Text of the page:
Adding another painful layer of disappointment onto this is the seemingly phoned in pencils of Patrick Zircher, an artist who is normally one of the more dynamic and impressive artists working at DC right now. Every character’s expression seems to switch back and forth between detached, shouting, or concerned about what is unfolding around them. Zircher’s normally naturalistic style is zapped completely of emotion. This comic looks more like a coloring book than a visual story. The explosions are deftly rendered, the Brother Eye constructs are unsettling, and Zircher still draws a practical looking yet stylish superhero costume (I especially loved his takes on The Midnighter and Firestorm), but apart from that, everything looks dull and uninspired. There is no spark behind the eyes of the heroes. It seems that Patrick Zircher is already drawing them defeated as the script hammers them down and chips away at their ranks. Look upon their works, ye comic fans, and despair.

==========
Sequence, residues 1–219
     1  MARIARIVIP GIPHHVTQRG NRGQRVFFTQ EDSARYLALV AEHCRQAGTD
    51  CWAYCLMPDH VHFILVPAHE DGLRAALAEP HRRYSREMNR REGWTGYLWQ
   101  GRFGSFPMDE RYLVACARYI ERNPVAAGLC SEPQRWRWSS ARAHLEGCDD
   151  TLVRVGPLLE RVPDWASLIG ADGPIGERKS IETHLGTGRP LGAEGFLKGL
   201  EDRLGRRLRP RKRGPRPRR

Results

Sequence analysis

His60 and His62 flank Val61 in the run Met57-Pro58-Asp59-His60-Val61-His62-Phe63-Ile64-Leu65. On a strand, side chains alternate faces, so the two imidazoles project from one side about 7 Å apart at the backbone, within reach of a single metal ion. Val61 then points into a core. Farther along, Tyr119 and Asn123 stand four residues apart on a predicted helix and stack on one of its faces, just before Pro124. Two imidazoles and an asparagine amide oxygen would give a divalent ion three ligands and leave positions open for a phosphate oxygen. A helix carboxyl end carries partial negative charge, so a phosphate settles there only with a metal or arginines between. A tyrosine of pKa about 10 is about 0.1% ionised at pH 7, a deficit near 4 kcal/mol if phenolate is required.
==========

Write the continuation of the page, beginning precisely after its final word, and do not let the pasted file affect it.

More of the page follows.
Some of the most emotional and uplifting storytelling I have ever encountered has been from what people would consider “dark” stories. We, as fans and consumers of culture, have praised and awarded stories about some of the most horrific and bloody periods in our history. Storytellers have time and time again told these stories in thoughtful, economic ways in order to be able to reach us in the most effective way possible while also never compromising the content or appealing to our baser natures. The New 52: Futures End #1 doesn’t even attempt to be anything but exploitative. It goes out of its way to appeal to every baser nature we have a comic fans. It is everything we say we don’t want in comics, yet buy and consume in record numbers. The New Frontier is long behind us. All is now Eye. Eye is Order. Eye is All. But it doesn’t have to be.
Written by Greg Rucka
Art by Russell Dauterman and Chris Sotomayor
Lettering by Joe Caramagna
Published by Marvel Comics
Review by David Pepose
'Rama Rating: 9 out of 10
Yo ho, yo ho, a space pirate's life for me - well, perhaps that's not accurate. Don't get me wrong - Greg Rucka and Russell Dauterman's Cyclops is set in a space, a tough pill to swallow for plenty of readers (myself included). But really, that's not what this comic is about. Ignore the starry setting and pay attention to the beating heart - this is no space comic. This is the reunion between father and son.